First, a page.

Week 10/Lecture Notes
Week 10/Lecture Notes CHEM 2321
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This 12 page Class Notes was uploaded by Hayley Lecker on Friday October 30, 2015. The Class Notes belongs to CHEM 2321 at University of Texas at El Paso taught by Dr. James Salvador in Fall 2015. Since its upload, it has received 292 views. For similar materials see Organic Chemistry I in Chemistry at University of Texas at El Paso.
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Date Created: 10/30/15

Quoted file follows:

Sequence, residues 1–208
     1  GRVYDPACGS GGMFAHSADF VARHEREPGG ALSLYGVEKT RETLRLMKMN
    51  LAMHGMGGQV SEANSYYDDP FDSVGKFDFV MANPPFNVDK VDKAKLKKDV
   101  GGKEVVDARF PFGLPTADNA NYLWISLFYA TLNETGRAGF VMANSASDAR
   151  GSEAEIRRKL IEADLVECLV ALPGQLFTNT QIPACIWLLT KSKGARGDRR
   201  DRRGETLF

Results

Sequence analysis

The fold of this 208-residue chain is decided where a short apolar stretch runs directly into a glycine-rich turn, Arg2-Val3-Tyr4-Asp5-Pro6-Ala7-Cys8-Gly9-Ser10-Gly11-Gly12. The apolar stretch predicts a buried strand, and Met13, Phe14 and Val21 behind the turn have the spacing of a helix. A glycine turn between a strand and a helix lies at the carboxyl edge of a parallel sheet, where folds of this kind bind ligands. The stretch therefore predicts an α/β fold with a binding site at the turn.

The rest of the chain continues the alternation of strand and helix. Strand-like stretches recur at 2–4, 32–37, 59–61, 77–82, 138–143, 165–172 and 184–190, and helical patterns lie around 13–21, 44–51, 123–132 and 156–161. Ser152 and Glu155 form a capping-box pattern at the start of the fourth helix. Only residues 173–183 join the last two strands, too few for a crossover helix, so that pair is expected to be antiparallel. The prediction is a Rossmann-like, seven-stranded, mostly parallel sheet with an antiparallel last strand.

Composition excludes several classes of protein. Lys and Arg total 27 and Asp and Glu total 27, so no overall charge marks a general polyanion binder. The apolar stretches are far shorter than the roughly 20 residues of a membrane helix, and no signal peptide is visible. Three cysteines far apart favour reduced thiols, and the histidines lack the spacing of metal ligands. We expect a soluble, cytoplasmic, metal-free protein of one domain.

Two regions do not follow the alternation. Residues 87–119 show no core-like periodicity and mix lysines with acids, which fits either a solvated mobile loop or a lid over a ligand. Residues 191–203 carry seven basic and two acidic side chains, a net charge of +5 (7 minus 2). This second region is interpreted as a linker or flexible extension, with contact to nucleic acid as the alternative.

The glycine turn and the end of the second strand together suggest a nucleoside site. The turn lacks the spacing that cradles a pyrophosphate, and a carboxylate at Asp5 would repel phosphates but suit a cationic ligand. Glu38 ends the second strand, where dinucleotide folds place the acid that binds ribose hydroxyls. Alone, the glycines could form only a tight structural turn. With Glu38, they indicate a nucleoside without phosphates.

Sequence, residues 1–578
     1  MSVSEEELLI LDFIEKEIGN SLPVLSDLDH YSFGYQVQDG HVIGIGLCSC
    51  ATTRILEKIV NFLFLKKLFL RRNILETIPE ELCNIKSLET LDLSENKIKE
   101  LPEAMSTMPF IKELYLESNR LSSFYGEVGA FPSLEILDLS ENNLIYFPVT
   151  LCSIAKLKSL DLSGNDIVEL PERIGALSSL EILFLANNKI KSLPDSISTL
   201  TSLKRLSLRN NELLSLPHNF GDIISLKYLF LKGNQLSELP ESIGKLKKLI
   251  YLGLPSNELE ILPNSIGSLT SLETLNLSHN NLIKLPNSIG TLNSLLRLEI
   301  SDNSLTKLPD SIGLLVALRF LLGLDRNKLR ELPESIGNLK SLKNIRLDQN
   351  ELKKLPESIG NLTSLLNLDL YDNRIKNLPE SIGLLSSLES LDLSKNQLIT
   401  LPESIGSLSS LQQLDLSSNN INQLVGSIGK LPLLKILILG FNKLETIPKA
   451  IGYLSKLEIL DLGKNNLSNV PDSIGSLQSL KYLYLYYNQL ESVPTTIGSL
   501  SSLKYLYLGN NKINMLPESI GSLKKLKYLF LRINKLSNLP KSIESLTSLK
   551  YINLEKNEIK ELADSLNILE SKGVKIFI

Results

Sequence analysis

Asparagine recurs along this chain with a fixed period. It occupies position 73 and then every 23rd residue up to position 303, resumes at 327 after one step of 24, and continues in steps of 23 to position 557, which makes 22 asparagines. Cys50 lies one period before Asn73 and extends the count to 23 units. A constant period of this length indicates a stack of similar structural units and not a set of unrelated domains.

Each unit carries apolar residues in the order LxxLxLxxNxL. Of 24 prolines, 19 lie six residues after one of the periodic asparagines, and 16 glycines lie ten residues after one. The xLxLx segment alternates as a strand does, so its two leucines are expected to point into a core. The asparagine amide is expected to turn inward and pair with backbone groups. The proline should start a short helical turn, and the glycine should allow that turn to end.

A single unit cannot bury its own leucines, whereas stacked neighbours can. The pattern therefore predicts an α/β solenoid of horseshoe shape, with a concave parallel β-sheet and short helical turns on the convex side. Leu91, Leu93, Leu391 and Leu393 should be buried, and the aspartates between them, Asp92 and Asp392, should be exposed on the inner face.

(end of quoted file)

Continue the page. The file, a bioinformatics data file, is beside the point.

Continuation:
Organic Chemistry Week 10 Important Information Professor s Email isalutepedu Class Website organicutepeducourses2324 Class Code Ebook utep232Xfall2015 M5 Reductive Addition to Aldehydes and Ketones 7778 reference pages 326338 77 Reaction with Hydride Nucleophile Reductive reactions is a term used by chemists when talking about addition reactions In reduction reactions two hydrogens bonded to a carbon and oxygen in a conbonyl group and form an alcohol The carbonyl group is reduced E 5 13H by a nucleophilic addition of H ion ID H T 011 A complex metal hydrid delievers the H ion to carbonyl carbon Examples of metals used are LiAlH4 lithium aluminium hydrid and NaBH4 sodium borohydride LiAlH4 is very reactive and a very powerful reagent When using the reaction is carried out in a solution of anhydrous terahydrofruan or diethyl ether It cannot be carried out in water because a violent reaction will occur and it gives off hydrogen gas The hyndrogen gas then iginites because of the high heat of reaction The desiered reaction is below 1 IlI 11mm E m CH IQCHEC C H3 C g g g g 2 Had I H E Pmt39i l 91 Key notes in the reaction is the H from LiAlH4 goes to carbonyl carbon Ang is a Lewis Acid so it is an electrophile so this leads to an increase in carbon s reactivity n as H I H a all I 53 fleo er A1 Li rr H E l lIIa Li a Hr RH l The reaction occurs 4 times for each H ion 1 mole of LiAlH4 can react to 4 moles of a ketone or aldehyde H H 3 quoteggquot I 4 AAICID L IiI C 1 Li 3 Hydrolysis is the last step to yield an alcohol l 6 H C DAJQ M II H rls DH 4 LiAlH4 can reduce a variety of functional groups NaBH4 is less reactive more selective and reduced usually only aldehydes and ketones It is carrried out in aqueous alcohol So why is sodium borohydride selective Look at an ester carbozlyic acid derviative vs an aldehyde ii i ECH moltquot Alikhyck Esta They have different inductive effects III lac Em gt Inductive e e s The higher positive charge should make the carbonyl carbon of the ester more suseptible to nucleophilic addition but expierments show it is less and less reactive Ester have resonance so with inductive effects the carbonyl carbon ends have less partial positive charge than the aldehyde E b E RC QRquot quot1 3quot RCDE Eeanna nne E iact Sodium borohydride is easier to handle in the lab and can be run in water with ethanol added to dissolve substrate Since it reacts with acid base is added to make sure it only reacts with substrate DH ttlta alng alTa liI F Mada H ijlobutaml 1 HHEH JlEtlH LlIIg il a Elm CMWHECHEWCHQEHE Ei a l even milder reducing agent than sodium hDii39 hjidiE39idE is sodium cyanoborolrmjrdride NaGNEHal which will not reduce moat carbonyl ups Instead it re neea an iimine group fanning an amine A common use for ao lium cyanoibomlrmjr lt39ide is 13911 the reaction of an amine EL ketone to fonn El au batiituilte l amine IL CHM 1mm W Vquot Ha39AquotFJ H HalliJ N M lh E in rm 31 710 Solution in Elk o 1 mm H V IE I H lg r H 78 Carbon Nucleophiles Organometallic compounds contain polar colvalent bonds between a carbon atom and a metal atom Metals are less electronegative than carbon so carbon bond is the negative end of the dipole Gridnard reagent significant organo reagent developed in 1902 by Victor Gridnard he received the Noble Prize in 1912 Grignard Reagent is an organomagnesium halide RMg X product of reaction of magnesium metal and alkyl halide Mg Emmimam 39 CHEEHEEHEMEET Elm Diethyl ether most cmmon solvent for for a grignard reagent because ether donates a pair of electrons to Mg Grignard reagent is complex Mg must readily react with alkyl halide without ether Grignard reagent do not readily form e o e E Iiflg E n e e El l f Giig al reagent Reaction enviroment cannot contain acidic hydrogen atoms so no water aochos amines or carboxlyic acids can be used Hydrogen atoms pronates the Carbon bearing Mg so grignard reagent won t take place Solved Exemiae 32 Write a mechanism ior the reaction of ethyl niagneeinln innmine with methanoi Soiniion in the iolilowing mechanisma tile EBNIEEF ie not e ll39iown hecanee tile lGrignanfl reagent lhae signi cant ionic character tlhe E Mg r ie a counter ion The methoxide ion interaction with the 6Mg r is even more ionic r21 A an E egg9quotquot i5 i eII 3 n ang 1 engcng n gong The ailcohoil is a much stronger acid than the alkane and the lGrignanfl is a month stronger haee than the alhoxxi e ion Time ti39JE reaction proceeds to tllhe righta the aide of the weaker E39EidWJEEE pair a Girgnard reagent occurs with primary equot MEBI secondary or tertiary alkyl halides as well as we winyl and aryl halides Cl Br I work well as halogen while F doesn t because organofluorides are not very reactive l Et eaylmagaminmbmmidc I thjrlmngncsimntmomide Lithium reacts like Mg with halides to form organolithium Unlike grignard reagents organolthium does not need ether solvent but must use anhydrous reaction conditions L11 Clig ig HgEIiIg t 39339 rCIig g ltIgCIIzli m 1 Li z ral Li L l m Eh thjrliiifrhjum lt i H l J t i lithium 7 a l Li Z39asm gLi I F DEBS D g Grignard reagent and organolithium are strong nucleophiles strong bases In a nucleophilic addition reaction carbon nucleophile of organometallic compound reacts with carbon electrophile of carbonyl group to produce alkoxide a r 1 11 HEEHE co H4ng R C MEX F E E EH if II ll Hydrolysis of alkozide with dilute acid produces alcohol 11 l lg ghigm 31 2 mm 11120 L J lE r rlqiric1nhmanul H4955 G gn rd reagents madam primary sm arjr or tartar almh nla depem jmg an the gammy used F l39f ldl hjf HUIHDZ I pm lu es a primary a mh lm v31 ITIMEEHIIE E39Iilg i39IZI 3 11303 44 Dim hjrl l hmml 53 Ether al l hji d pmduBe m am39jr a llmhnls I M E l 39 gt AIJHUH 2 E a 1 EH 3 11305 55 And kaemnes pmdu e mummy a mhn lls 1 Mg a mr CH HggEIil g p C g g g g ID 11 IIlg g 1 331ch LIE T lm hjrl l pmtmul 04 Barbee dimtiiile 11315 e etmetut39e similar tel a E l I ijFll group In fact it is reallyr two ea rhetmjrl ape sharing one calhem atom i t Thus yen meet exclude atmeephetie ea rhetm liliexide from the teaelriieftm treeeel lming a Grigtma riil i39eaetiietm Hewe ve rj teacher with eathen iexi e ie a valuable technique fer the ejrtmtheeie ef Team helxjrllic a eiiiile mnteitming time were carbon than the erigitmel alkyl halide ll a r c 1quot HMEBI Stile aquot l quot L The mechanism ef the reatetien with 3133 is parallel to the meantime with a ea rhetmjrl grainy L22 The Wittig Reaction reference pages 341347 710 The Wittig Reaction In 1954 Georg Wittig discovered how to convert aldehydeketone to a carboncarbon double bond The Wittig reaction involves a nucleophilic addition of a phosphousstabilizied carbanion to ketone or aldehyde then elimination of phosophous gives an alkene Rt P111 e R M e fee P11 fill fix a Ecztca t JP x e P11 R R R eh Pile epheme li k A phosphous stablized carbanion ylide has a negative charged carbon and a positive charged phosphous adjacent to each other some ylides have sulfurs instead The net charge is zero The preparation of phosphous ylide has 2step reaction of triphenylphosphine and alkyl halide 1 A nucleophilic phosphous attacks the saturated carbon with halogen The halogenbearing carbon is usually a primary carbon The product is an alky triphenylphosphonium salt Eh P11 5 P11 P 3 REHng 1Ih P M r f P11 39tliphmylplmepime a plimaly alkyltm yphmmyl heephe imm ealt elker halide 2 The salt is treated with a strong base usually butyl lithium this removes a proton from carbon quotquot A aquot P11 11 il a CH13EH2 H3CHgquot Li 121 E 1111 Eh T11 ylide Ylide s are reasonace hybrids with 2 reasonace structures One has a charge of Phosphous and Carbon The other has a double bond between phosphous and carbon Pig a 111 1111 11 1quot it h Plij CHE Pl 131 When converting the carbonyl into alkene the ketone or aldehyde react with ylide in a typical nucleophlic addition reaction The reaction produces an intermediate called betaine II 11 F EP39E 15quotquot A y g is x 1 11 l PIrP ctm 39 LLE 13 i QC 39C li h Ill l A betaime Because of the close proximity of the postive charged Phosphouse and negatively charged Oxygen phosphous and oxygen form a bond and create a 4 memebered ring P11 quotquot1 VHFasi Jain1139 Ella u gc c IF Eh 1 H ill 1 i R I Hi l The ring rapidly collaspes to give alkene and triphenylphosphine oxide a very stable and usually insoluble compounds in this reaction 11 Pl 3 ilIa gal P115 I P1111Poz ESP i E I 1 P11 n P11 Hg39q E H R Ritz 1 11quot K Examples of Wittig reactions where cis and trans geometric isomers are found Pth E HCH 4 I o SHEi Ethjj idti soyolopootms sos 39339 til Pth IC H if I Hots Lay sHJJCH ssa sk L l t I 12Dipltlmylstltls s to Example of a solved wittig reactions lo ilill Cos sass quot if m T U th 2 11 This p oohiom has two possible solutions lbul tho following solution oursporos the glide from 1hoomolbutons at primary oilfile holids 0f the two possible solutions it gives o hotter yiolld Pilgp EHEHEEHEEHE L4 f H 2 L23 Carboxylic Acids Common and Systematic Nomenclasture reference pages 300301 71 THE FIRST PART OF THIS CHAPTER WAS COVERED A FEW WEEKS BACK Carboxylic acids COOH are present in or are derived from many natural substances A carboxylic acid is an oxygen doubled bonded to a carbon that is bonded to a hydrogen or alkyl group and also a hydroxy group OH To Name Carboxylic Acids similar to aldehyde 1 Name the parent compound 2 For straight chain alkanes drop the e of the alkane name and add the suffix oic acid to the parent name Example to the left gt if HglC HgC H CHECHEngcs oos Psotsooio acid 3 To number substituents assume that carbon bearing the carozylic acid functional group is 1 omit the number 1 but number the substitutents For eraample CHEJEGHEHEGDDH is 3methylhutan ie acid 4 When bonds in a ring do not drop the e before adding carboxylic acid to ring name E E ymlop ttantcaib xylic acid Some common carboxylic names are formic acid for methanoic acid acetic acid for ethanoic acid Carboxylic acids for a number of derivatives that are common chemical compounds these derivatives are formed by replacing the OH group with another heteroatomgroup Replacements include halohens ex Cl or Br this will form acyl halides Carboxylate RCOO these form carboxylic anhydrides Alkoxy RO these form esters and amino NR2 F forms amides Each has a specific naming system Acyl Halides For naming acyl halides add suffix oy to parent name follwed by sperate name for halogen o H E HgCHEE IC I Pmpanoyl chlmicle Carboxylic Anhydride For carboxlic anhydrides use proper carboxylic name then replace acid with anhydride 3 i E Hgii fCHE Etl ia oic Italially acetic Ester For esters first name the alkyl group bonded to oxygen follwed by carboxylic acid name using suffix oate to reaplace oic acid Name alkyl alkanotes if i A EC H HBIC HECHE E HgiC HEEZDE39HE a Methyl pmpmma te Ethyl cyclopmta ecmhoxylate Amides For amides replace final 0e of parent name with suffix amide Name secondary and tertiary amides as substituents to parent compounds by adding N to show group is bonded to nitrogen E39HEIE NHE39HE NmMethylethmml de Lt511311 N metlhyleeetmmi Nitriles Nitriles A carbonNitrogen TRIPLE bond are often considered deriviates of carboxylic acids because they are easily converted to acids and made from amides To Name A Nitrile 1 Determine parent name 2 Add suffix nitrile to parent name 3 Number substituents include carbon of nitrile in group when counting for positions 4 Use prefix cyano if nitrile group is a substituent HgCHQEHECEH M MEREGEN Elmm 39i lil 3 illlethylpeute tm e NE E C HQCU39H Cwmetlmmie acid Example 3 ei The eempeund ie an ester derived frem a tee Barbtin earhe yl ie acid Thule the IUPHG name fie phsemrl etheneete Lecture Notes Moodle Questions 1 For naming these the table acyl substitution was used It is hard to understand at first but once you get the hang it becomes very easy 3methylbutanoyl chloride methanol pyridine catalysis methyl 3methylbutanoate 3methylbutanoic anhydride water 3methylbutanoic acid ammonium 3methylbutanoate heat 3methylbutanamide 3methylbutanoic acid heat acid catalysis 3methylbutanoic anhydride 3methylbutanamide water acid catalysis heat 3methylbutanoic acid 3methylbutanoic acid methanol acid catalysis methyl 3methylbutanoate 3methylbutanoic acid ammonia heat 3methylbutanamide 3methylbutanoyl chloride sodium 3methylbutanoate 3methylbutanoic anhydride 3methylbutanoic anhydride methanol acid catalysis methyl 3methylbutanoate methyl 3methylbutanoate ammonia heat 3methylbutanamide 3methylbutanamide thionyl chloride heat 3methylbutanenitrile methyl 3methylbutanoate sodium hydroxide heat sodium 3methylbutanoate 3methylbutanoic acid diazomethane methyl 3methylbutanoate 3methylbutanoic acid thionyl chloride pyridine catalysis 3methylbutanoyl chloride 3methylbutanoyl chloride water 3methylbutanoic acid sodium 3methylbutanoate hydrochloric acid 3methylbutanoic acid 3methylbutanenitrile water acid catalysis heat 3methylbutanoic acid 3methylbutanoic acid ammonia ammonium 3methylbutanoate 3methylbutanoyl chloride excess ammonia 3methylbutanamide Pd hydrogenation reagent 1quot U va diieebugileluminum hydride qquot H LI vi rlil l E lithium tiiiitertbutmtyaluminum hydride qquot RLi H W alkyl lithium sf Ll M lithium dialkyleupirate sf Hi Dllll R H lR ClLll R Riliilgx Hr m gm 3 Grignard reagent 1quot H if Hl rditr lH lithium aluminum hydride f H